another purine (A -> G, for example), or one
         pyrimidine is changed to another pyrimidine (T -
         > C, for example).
     –   “transversions”, where a purine is substituted for
         a pyrimidine, or a pyrimidine is substituted for a
         purine. For example, A -> C.
•   Transitions are more common than
    transversions, because they are easier to
    create, and because transitions often have
    less drastic effects than transversions.
                                                                   A      C    G      T
•   Base change mutations are the cause of                    A   0.6   0.1   0.2   0.1
    single nucleotide polymorphisms (SNPs).
    Mapping SNPs is the current best way to                   C   0.1   0.6   0.1   0.2
    locate human disease genes.
•   Base change mutations are the most common                 G   0.2   0.1   0.6   0.1
    mutations, and they are the easiest to handle
    for statistics and evolutionary studies.                  T   0.1   0.2   0.1   0.6
           Base Change Causes
• Base changes occur naturally as errors in replication: the
  wrong base gets inserted.
    – DNA polymerase has an editing function that detects most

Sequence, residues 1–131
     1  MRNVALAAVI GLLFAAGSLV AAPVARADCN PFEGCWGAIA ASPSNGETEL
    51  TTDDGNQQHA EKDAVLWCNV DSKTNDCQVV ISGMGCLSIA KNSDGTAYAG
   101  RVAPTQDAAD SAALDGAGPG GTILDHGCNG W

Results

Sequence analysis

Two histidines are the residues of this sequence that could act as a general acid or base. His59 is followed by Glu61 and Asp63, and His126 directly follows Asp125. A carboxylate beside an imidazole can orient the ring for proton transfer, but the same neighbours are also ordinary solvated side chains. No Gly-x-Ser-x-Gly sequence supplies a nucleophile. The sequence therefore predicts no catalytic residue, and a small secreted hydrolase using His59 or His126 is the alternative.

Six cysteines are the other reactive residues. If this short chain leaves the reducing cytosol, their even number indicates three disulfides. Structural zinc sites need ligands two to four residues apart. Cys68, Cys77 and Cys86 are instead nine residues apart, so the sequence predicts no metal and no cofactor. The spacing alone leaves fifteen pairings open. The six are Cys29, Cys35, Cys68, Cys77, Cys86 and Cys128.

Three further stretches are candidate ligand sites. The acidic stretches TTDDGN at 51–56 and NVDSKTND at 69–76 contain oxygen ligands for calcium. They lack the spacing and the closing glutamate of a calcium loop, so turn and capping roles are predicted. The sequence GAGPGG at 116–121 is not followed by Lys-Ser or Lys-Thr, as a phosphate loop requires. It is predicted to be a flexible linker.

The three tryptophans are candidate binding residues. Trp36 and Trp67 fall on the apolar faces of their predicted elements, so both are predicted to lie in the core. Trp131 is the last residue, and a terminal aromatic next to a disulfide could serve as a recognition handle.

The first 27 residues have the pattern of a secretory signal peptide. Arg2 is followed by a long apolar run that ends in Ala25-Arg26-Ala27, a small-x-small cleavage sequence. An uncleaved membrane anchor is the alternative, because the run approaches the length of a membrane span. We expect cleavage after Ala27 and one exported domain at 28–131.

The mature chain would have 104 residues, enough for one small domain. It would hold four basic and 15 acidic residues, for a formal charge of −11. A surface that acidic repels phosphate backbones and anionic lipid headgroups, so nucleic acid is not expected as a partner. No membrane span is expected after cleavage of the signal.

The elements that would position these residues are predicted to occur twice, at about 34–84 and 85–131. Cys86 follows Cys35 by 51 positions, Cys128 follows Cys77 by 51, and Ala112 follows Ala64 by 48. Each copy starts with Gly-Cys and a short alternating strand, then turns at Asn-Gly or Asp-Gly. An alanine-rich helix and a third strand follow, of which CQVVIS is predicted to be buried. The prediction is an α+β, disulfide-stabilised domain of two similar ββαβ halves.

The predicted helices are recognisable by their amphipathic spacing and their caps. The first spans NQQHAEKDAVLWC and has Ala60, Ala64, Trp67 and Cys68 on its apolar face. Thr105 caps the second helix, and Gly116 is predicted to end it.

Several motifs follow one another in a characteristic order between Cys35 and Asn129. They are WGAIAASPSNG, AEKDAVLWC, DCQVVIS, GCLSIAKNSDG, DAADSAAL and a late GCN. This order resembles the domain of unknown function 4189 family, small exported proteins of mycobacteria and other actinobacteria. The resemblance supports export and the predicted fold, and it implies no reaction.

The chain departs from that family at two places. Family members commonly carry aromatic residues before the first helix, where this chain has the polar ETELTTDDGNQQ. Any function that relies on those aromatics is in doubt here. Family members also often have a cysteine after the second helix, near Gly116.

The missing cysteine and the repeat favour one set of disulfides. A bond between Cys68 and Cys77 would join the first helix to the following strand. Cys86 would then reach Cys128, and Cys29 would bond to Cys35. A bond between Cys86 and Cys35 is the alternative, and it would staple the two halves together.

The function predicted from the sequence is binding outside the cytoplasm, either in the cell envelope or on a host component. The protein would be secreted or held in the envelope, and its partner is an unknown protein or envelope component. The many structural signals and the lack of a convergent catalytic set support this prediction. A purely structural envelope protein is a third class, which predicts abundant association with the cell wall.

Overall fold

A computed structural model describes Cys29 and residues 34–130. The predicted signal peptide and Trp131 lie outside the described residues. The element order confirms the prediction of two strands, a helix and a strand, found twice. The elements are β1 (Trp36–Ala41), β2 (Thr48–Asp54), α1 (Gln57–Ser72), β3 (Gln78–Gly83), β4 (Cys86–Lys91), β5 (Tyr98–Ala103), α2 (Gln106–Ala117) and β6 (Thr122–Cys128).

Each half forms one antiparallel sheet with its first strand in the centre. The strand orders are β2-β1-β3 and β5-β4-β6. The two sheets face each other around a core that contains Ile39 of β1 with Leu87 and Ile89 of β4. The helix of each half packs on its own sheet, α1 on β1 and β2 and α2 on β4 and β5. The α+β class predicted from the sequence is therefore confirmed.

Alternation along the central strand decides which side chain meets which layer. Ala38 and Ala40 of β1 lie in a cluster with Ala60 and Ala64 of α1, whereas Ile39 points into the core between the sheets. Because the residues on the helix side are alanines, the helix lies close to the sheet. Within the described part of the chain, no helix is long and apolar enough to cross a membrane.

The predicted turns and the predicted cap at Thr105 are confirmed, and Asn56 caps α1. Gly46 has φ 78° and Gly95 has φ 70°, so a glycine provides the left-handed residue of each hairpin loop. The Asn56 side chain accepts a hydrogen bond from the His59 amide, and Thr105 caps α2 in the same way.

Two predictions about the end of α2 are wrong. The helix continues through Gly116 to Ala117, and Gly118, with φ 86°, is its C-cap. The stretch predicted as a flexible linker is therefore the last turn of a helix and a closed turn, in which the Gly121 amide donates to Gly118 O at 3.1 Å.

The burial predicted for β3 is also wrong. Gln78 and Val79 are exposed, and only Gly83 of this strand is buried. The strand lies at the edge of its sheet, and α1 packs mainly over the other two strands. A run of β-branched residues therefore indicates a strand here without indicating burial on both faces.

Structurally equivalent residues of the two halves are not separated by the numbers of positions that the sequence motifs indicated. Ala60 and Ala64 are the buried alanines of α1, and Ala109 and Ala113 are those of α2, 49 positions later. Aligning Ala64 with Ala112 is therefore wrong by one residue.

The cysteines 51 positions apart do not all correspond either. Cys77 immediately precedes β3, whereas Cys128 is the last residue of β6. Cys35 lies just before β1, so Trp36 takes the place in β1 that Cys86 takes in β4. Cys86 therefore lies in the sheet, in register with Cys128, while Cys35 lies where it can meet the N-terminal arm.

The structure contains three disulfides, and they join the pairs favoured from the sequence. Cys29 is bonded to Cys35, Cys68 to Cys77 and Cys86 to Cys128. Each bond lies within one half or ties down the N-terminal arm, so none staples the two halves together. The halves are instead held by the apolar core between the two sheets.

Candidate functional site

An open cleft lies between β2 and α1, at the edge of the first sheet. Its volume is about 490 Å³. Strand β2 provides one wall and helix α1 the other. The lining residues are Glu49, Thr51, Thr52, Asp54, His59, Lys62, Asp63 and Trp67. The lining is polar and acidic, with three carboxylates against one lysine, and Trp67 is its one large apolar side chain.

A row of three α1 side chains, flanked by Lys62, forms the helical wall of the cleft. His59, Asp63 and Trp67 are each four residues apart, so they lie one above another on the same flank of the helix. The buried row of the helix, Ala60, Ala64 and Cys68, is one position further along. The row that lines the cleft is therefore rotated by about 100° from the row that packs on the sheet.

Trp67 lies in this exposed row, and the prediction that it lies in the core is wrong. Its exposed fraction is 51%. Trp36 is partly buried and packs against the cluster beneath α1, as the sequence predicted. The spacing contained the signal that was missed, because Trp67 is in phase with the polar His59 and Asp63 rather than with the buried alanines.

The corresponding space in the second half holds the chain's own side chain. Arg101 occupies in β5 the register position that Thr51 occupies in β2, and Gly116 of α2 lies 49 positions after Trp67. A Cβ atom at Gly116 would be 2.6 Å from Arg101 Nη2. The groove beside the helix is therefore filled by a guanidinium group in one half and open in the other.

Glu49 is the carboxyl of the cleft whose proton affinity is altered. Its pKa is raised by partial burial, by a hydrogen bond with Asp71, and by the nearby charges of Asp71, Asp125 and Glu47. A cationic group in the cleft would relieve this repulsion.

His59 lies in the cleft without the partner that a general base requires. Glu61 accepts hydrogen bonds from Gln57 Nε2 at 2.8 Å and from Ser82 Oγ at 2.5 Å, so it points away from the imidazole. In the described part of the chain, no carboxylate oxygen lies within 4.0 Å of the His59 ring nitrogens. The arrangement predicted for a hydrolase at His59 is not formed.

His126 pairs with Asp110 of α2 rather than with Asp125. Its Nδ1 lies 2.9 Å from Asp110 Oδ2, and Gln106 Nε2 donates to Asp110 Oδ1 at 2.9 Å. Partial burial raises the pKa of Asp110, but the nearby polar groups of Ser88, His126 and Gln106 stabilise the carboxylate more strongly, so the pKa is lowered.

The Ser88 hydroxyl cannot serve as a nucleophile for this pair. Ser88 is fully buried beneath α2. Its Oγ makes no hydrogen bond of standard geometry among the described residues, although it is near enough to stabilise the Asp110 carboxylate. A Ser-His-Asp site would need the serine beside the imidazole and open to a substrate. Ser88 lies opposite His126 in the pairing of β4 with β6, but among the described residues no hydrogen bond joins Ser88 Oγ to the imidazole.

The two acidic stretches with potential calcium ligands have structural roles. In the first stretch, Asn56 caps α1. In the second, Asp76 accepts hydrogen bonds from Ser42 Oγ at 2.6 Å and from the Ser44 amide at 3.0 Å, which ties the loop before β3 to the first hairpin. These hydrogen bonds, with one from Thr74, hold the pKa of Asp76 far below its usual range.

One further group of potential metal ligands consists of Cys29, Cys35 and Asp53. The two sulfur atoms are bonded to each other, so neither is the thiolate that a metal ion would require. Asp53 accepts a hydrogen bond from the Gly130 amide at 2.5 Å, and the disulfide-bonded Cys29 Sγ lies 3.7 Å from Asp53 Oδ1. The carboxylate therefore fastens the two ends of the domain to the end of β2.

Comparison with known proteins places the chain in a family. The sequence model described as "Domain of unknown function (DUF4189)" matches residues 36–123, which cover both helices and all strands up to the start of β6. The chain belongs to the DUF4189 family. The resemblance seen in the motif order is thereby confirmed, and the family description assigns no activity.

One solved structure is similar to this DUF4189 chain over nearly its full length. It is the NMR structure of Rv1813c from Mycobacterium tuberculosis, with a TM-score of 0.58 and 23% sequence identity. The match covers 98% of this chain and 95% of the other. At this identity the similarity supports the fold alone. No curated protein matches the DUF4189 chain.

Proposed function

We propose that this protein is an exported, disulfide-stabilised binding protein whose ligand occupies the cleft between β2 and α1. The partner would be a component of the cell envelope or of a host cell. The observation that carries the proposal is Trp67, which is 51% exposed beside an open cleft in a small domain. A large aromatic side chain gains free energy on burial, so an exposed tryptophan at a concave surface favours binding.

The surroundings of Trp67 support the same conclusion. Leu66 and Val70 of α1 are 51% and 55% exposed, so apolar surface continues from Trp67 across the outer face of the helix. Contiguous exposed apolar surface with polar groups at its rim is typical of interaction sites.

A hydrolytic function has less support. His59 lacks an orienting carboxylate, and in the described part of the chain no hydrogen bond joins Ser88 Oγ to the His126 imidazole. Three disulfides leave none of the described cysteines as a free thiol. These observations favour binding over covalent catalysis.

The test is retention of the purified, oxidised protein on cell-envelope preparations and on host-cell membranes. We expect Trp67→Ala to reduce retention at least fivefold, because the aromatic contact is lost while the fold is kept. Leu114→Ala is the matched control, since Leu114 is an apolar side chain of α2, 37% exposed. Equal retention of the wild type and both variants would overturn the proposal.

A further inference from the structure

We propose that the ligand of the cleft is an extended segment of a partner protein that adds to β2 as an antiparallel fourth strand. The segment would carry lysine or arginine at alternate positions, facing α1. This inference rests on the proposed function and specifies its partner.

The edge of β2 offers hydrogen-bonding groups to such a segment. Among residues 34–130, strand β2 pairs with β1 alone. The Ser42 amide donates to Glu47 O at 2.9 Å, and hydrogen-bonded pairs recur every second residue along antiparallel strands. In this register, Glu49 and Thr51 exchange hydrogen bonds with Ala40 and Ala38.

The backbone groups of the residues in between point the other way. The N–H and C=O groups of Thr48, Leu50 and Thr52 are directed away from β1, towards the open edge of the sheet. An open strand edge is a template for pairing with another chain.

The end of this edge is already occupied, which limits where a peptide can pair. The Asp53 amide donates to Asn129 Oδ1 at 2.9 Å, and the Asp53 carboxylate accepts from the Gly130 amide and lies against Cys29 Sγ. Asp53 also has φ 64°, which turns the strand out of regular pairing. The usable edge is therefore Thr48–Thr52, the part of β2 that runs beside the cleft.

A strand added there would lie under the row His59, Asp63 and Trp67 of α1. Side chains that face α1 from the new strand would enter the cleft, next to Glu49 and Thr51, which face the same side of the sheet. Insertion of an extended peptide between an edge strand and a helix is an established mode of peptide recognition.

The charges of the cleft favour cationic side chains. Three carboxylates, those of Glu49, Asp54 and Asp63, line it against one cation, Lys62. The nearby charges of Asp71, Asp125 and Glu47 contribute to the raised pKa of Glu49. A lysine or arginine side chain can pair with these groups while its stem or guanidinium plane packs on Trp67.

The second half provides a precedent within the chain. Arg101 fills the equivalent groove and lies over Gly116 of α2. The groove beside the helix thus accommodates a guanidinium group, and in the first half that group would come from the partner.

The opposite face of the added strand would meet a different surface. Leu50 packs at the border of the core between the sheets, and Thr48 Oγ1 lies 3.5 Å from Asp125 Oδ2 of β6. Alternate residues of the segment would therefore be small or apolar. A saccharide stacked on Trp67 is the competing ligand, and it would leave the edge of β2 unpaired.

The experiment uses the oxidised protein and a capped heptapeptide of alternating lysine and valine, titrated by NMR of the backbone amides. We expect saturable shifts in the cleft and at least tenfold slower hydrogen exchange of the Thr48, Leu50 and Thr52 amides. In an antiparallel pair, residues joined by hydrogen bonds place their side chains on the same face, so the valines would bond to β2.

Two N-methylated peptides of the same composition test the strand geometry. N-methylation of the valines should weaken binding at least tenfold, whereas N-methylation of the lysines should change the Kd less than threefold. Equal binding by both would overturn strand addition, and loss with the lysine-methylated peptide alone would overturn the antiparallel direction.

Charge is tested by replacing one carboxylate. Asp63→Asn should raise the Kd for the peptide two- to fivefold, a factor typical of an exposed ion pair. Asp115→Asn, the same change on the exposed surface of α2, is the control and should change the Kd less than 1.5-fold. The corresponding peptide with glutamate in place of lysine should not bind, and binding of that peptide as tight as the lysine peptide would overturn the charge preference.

errors, then backs up, removes the wrong base and puts in the
      proper base.
    – enzymes that replicate RNA don’t have the editing function, so
      their error rate is 100 x that of DNA polymerase, causing the high
      mutation rate of RNA viruses.
•  Various chemical changes in a base can cause
  mutation. For instance, the spontaneous loss of the
  amino group on cytosine converts it to uracil (which will
  pair with A, not G).
• environmental chemicals that attach bulky groups onto
  bases (alkylating agents) can cause the bases to be mis-
  read by DNA polymerase.
           Phenotypic Effects of Base
                   Changes
•   Mutations can be classified according to their effects on the protein (or mRNA)
    produced by the gene that is mutated.
•   1. Silent mutations (synonymous mutations). Since the genetic code is degenerate,
    several codons produce the same amino acid. Especially, third base changes often
    have no effect on the amino acid sequence of the protein. These mutations affect the
    DNA but not the protein. Therefore they are called neutral mutations, mutations
    which should have no effect on the organism’s phenotype.
•   2. Missense mutations. Missense mutations substitute one amino acid for another.
    Some missense mutations have very large effects, while others have minimal or no
    effect. It depends on where the mutation occurs in the protein’s structure, and how